Get the latest trends, tools, and resources for improving healthcare environments here. Browse our many free and members-only resources, including research reports and issue briefs, interviews, case studies, design strategies, lessons learned, key point summaries, and webinars.
Learn about how the design of a new psychiatric facility strives to normalize mental illness through carefully chosen materials with the goal of creating a “homey,” non-institutional setting, why private patient rooms will be included in the new final building as an important part of the design concept, and how research helped shape the architects’ beliefs that the built environment should support patients’ dignity and independence as part of the recovery process.
Learn about how a county directive to relocate different behavioral health programs into one location led to a unique design for serving low to high-risk populations in an integrated facility, and how collaboration among the architect, interior designer, landscape architect, owner, staff, and clients played an integral role in shaping the programming and design.
As part of the Behavioral & Mental Health toolbox, in this issue brief you will learn about the prevalence of behavioral and mental health conditions as comorbidities; design strategies for promoting psychological wellness; and a systematic benefit analysis approach to meet the psychological needs of all.
This webinar introduces the new, easier to use, online interface for The Center’s Safety Risk Assessment (SRA) toolkit, a proactive and systematic approach to designing and renovating healthcare facilities for safety. Originally developed through research and consensus to support the requirements of the FGI Guidelines, The Center's research team will walk you through the why, what, and how of each part of the online SRA toolkit illustrating features with vignettes gathered from the testing process.
Trzpuc, S. J., Wendt, K. A., Heitzman, S. C., Skemp, S., Thomas, D., & Dahl, R. (2016). Does space matter? An exploratory study for a child–adolescent mental health inpatient unit. HERD: Health Environments Research & Design Journal, 10(1), 23-44.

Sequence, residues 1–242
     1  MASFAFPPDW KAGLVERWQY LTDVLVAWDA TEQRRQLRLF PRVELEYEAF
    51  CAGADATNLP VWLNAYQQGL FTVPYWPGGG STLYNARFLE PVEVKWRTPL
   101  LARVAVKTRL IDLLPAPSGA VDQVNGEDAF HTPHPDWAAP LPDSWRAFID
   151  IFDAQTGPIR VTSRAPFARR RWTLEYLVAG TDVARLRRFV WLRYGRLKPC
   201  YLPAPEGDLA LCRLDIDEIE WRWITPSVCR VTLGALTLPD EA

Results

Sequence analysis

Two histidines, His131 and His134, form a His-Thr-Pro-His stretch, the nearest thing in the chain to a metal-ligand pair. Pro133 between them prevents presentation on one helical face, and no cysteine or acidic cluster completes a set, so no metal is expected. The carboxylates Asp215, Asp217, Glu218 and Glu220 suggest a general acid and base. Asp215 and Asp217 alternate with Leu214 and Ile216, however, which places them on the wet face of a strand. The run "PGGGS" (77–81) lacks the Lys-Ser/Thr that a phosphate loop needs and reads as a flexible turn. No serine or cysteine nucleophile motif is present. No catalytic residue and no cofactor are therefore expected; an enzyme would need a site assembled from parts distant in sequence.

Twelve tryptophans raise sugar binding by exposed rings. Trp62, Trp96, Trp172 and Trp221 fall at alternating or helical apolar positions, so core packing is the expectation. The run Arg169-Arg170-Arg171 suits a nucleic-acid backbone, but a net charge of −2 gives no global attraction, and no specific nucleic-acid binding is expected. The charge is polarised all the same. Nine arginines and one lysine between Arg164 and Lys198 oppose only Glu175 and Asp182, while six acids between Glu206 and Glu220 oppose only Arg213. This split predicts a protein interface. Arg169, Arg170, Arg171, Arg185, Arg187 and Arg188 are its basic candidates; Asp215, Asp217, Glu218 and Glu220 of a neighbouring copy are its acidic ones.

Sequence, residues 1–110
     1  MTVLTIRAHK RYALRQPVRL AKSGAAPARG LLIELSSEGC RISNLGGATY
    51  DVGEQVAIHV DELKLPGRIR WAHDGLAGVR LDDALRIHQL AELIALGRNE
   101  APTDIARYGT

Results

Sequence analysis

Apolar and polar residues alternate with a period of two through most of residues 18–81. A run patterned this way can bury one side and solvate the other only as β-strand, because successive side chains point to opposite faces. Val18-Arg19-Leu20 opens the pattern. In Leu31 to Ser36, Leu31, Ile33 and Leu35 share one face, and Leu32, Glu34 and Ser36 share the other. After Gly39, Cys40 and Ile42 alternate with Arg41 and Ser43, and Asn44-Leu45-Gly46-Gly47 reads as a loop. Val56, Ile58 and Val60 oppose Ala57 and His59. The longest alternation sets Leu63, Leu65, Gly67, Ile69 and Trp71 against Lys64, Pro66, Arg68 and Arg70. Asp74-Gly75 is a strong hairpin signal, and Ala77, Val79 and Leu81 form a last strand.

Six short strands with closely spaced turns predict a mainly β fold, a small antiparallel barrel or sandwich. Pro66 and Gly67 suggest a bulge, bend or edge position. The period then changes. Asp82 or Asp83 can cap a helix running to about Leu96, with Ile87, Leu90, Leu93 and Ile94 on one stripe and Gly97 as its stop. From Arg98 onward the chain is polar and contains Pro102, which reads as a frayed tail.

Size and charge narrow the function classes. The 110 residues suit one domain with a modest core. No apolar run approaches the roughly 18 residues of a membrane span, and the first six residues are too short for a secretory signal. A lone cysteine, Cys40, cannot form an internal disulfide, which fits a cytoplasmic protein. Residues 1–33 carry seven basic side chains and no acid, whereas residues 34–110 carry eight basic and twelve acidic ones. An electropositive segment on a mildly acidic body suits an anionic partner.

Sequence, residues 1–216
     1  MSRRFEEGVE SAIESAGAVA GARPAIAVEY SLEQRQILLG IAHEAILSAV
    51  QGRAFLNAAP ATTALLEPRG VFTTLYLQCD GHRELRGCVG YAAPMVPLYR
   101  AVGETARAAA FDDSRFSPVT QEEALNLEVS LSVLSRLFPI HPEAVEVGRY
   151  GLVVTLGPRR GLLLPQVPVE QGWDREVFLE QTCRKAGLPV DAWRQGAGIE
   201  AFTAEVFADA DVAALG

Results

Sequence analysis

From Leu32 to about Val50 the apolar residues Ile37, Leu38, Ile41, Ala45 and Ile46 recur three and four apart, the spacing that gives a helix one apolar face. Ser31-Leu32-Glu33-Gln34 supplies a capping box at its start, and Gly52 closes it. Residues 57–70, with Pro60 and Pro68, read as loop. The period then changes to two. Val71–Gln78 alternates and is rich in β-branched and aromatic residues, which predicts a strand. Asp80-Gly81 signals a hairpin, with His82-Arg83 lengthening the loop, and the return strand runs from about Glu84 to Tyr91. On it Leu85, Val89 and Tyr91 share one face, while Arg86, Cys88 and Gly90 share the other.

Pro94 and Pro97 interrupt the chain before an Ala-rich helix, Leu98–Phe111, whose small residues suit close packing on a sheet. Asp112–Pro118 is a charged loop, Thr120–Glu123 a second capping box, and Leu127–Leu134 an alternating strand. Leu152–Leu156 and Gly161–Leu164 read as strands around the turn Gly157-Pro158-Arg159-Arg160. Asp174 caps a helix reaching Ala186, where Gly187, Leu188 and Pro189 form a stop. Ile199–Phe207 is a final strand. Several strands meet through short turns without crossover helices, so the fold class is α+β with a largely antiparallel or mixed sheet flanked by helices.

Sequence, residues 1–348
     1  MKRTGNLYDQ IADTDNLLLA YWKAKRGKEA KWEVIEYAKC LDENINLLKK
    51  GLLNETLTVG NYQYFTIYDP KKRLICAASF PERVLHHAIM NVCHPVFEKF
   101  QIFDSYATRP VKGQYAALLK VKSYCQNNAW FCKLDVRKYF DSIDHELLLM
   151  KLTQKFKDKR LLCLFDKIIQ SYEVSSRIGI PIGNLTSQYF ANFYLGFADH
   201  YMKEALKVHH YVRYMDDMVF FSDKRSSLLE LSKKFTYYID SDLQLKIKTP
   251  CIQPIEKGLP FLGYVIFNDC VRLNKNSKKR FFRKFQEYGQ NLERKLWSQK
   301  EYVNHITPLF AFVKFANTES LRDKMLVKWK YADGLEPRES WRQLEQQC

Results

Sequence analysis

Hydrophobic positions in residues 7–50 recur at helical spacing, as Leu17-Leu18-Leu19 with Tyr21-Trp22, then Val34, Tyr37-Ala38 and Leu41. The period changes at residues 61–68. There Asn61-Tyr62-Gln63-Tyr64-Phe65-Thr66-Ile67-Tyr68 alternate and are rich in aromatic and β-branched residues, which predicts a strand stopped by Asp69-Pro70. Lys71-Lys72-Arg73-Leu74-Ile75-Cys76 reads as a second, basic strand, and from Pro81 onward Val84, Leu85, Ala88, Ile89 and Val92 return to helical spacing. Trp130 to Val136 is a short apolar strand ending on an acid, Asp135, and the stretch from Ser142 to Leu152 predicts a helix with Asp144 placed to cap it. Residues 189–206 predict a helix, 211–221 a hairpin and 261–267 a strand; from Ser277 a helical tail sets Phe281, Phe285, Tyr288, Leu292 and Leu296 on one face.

Built environment strategies can help healthcare organizations and communities promote healthy living, reduce obesity, and prevent chronic disease. Given the increasing focus on community health and preventive medicine, it is important that healthcare organizations and the communities they serve incorporate built environment strategies that result in healthy behavior.
With support from the Kresge Foundation, The Center for Health Design has developed a standardized Community Health Center Facility Evaluation tool that supports design for population health. The tool is intended to support both design and post-occupancy evaluation of built projects with respect to population health goals.
This Ambulatory Care Center Design Tool (ACCDT), developed by Dr. Anjali Joseph and Dr. Zahra Zamani from Clemson University in collaboration with The Center for Health Design (CHD), builds upon a series of papers, best practice case studies and in-depth literature reviews conducted by CHD as well as CHD's Clinic Design Post-Occupancy Evaluation Toolkit – Tool 2 Audit of Physical Environment with additions from a thesis by Crews (2013). The tool supports design teams in making key design decisions about ambulatory care centers linked to evidence based design goals and principles.
Learn about: the importance of hand hygiene in improving safety, quality, and economic impact, a systems approach to hand hygiene that integrates environmental, operational, and personal factors for infection prevention, and new, effective, and easy-to-implement hand hygiene measures.
The goal for this project was to improve efficiency, safety, and satisfaction for both patients and staff with the design of a new bed tower for the hospital, a place where patients get better and where staff wishes to work.
Developed through extensive review of research, surveys, site tests, and review and validation by expert advisory council members, this standard set of evidence-based design checklists and post-occupancy evaluation (POE) tools can be used by interior designers to apply research to healthcare design projects and to conduct post-occupancy evaluations of three types of hospital patient rooms: adult medical-surgical, adult intensive care, and maternity care.